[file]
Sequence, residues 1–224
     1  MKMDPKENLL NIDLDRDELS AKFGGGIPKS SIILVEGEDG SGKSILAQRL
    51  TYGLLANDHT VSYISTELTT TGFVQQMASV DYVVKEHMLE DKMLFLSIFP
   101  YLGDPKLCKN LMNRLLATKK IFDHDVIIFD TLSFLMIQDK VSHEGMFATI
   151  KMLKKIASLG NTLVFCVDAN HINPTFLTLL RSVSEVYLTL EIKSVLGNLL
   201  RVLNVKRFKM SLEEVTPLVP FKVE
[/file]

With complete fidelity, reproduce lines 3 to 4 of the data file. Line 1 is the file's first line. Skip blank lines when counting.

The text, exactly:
    51  TYGLLANDHT VSYISTELTT TGFVQQMASV DYVVKEHMLE DKMLFLSIFP
   101  YLGDPKLCKN LMNRLLATKK IFDHDVIIFD TLSFLMIQDK VSHEGMFATI